The discordant clang of cow bells echoes across the moraine valley as the herds graze in the foothills of the Picos de Europa, unfazed by the small group of hikers weaving their way through the Duje Valley. Lilac constellations of star-shaped meadow crocus spring up from the verdant ground underfoot.
We make our way past a large, solitary rock which rises some 10 metres in the air, seemingly placed arbitrarily on the otherwise smooth plateau by invisible forces. “It’s a remnant rock,” explains Ernesto, one of our mountain guides. “This valley was created by glaciers. You can tell by the shape on either side of where we are stood - and this large rock would have travelled on top of the compacted glacial ice. When the ice melted, the rock was stranded here.”
Tucked into a remote corner of northern Spain, the Picos de Europa stretch across the provinces of Asturias, Cantabria and León. The Picos are not the tallest nor the most well known mountains in Europe, however this relatively compact range in Spain’s far north is named ‘The Peaks of Europe’ and Ernesto tells us why. At just 20km from the northern coast of Spain, these dramatic spires were once the first sight of European land glimpsed by seafarers arriving from the Americas in centuries past.
The Picos are divided into three sections - the central, western and eastern massifs - by rivers, and it’s the path of the Duje River we trace on our first day of hiking. This follows a comfortable night in the small Asturian town of Arenas de Cabrales. Here, we had the chance to meet our fellow hikers, explore the quaint streets, stock up on trekking snacks and to sample the local cuisine, including fabada - a hearty bean stew made with chorizo, morcilla and pork - and a variety of locally-produced cheeses.
The Picos de Europa National Park is Spain’s only inhabited nature reserve, creating a unique environment where the natural world and rural life intersect. The villages on the fringes of the mountains have small populations (which shrink to only the hardiest souls during the winter), and cows are grazed in the meadows. This is evidenced by menus in the surrounding towns, where local cheeses and other dairy products are heavily represented. Today, hikers and climbers visiting the region in the summer months provide an alternative source of income for people living in these communities, where farming has been the traditional way of life for generations.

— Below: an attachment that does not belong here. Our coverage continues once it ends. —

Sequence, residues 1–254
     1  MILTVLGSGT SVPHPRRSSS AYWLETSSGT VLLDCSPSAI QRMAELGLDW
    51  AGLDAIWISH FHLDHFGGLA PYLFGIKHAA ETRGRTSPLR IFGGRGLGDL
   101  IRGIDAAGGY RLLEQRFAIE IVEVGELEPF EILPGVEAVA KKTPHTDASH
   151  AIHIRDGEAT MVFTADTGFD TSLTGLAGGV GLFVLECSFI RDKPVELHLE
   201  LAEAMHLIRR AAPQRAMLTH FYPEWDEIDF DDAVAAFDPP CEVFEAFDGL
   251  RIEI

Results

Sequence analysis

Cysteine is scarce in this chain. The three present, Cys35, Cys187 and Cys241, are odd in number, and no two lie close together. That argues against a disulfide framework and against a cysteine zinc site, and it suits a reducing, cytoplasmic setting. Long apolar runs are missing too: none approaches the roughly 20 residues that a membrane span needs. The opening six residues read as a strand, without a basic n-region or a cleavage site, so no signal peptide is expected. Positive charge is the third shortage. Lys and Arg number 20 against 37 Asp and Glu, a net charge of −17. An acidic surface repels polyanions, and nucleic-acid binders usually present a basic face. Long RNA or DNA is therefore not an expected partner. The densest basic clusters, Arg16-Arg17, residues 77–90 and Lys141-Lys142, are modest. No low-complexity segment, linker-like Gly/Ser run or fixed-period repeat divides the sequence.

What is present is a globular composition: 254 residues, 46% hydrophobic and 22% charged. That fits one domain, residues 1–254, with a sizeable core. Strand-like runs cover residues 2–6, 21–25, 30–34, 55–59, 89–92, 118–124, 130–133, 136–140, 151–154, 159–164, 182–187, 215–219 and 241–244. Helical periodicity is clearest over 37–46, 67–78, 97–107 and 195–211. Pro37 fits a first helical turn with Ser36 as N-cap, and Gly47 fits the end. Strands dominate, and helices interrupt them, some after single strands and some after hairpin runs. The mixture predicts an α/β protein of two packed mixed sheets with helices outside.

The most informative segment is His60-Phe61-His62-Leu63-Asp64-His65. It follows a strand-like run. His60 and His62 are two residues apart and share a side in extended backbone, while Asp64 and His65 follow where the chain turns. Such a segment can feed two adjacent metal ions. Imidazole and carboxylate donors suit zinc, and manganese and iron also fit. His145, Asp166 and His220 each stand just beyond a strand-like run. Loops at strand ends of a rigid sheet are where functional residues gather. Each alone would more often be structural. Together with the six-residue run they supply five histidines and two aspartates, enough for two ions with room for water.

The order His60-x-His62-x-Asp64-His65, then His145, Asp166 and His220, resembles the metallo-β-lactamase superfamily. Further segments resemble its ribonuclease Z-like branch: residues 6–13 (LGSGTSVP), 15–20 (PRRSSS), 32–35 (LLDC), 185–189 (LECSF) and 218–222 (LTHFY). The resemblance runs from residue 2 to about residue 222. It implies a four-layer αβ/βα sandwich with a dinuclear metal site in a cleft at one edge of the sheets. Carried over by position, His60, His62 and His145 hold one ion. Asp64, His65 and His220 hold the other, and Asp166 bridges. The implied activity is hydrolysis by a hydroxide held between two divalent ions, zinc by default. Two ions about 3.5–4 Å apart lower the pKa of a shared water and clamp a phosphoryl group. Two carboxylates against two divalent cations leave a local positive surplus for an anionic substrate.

These dramatic spires were once the first sight of European land glimpsed by seafarers arriving from the Americas in centuries past.
We stop for coffee and a snack at the end of the Duje Valley, enjoying the endless views, before continuing onwards. The landscape changes, with the path dipping into cool forest as we descend, completing our hike in the pretty village of Espinama.
After our gentle introduction to the beauty of the area and a couple of nights in comfortable rural guesthouses, the next day brings change as we ascend into the high Picos. Beginning at the Fuente Dé cable car, we are carried up more than 750m in less than five minutes. Alighting at El Cable station (1,834m) it’s clear that the meadows and foothills of yesterday are far behind us: we are now hiking in the clouds, accompanied by a cool breeze. The path has transformed into grey limestone, punctuated only by the violet spikes of alpine thistles.
The compact Picos de Europa National Park may only be around 40km across, but this is exciting and challenging terrain, worthy of exploration.
Its highest peak, Torre de Cerreda, scrapes in at 2,650m but its most famous peak is the Bulnes de Naranjo (also know as Picu Urriellu), a sheer slab of limestone rising impossibly from the plateaus that surround it. A rite of passage for Spanish climbers, its gleaming walls and legendary status have earned it comparison with the infamous El Capitan in Yosemite. For hikers, its grippy limestone trails have their difficulties too, with razor sharp edges, crevasses, and vertiginous paths that at times, are almost impossible to follow without proper navigation.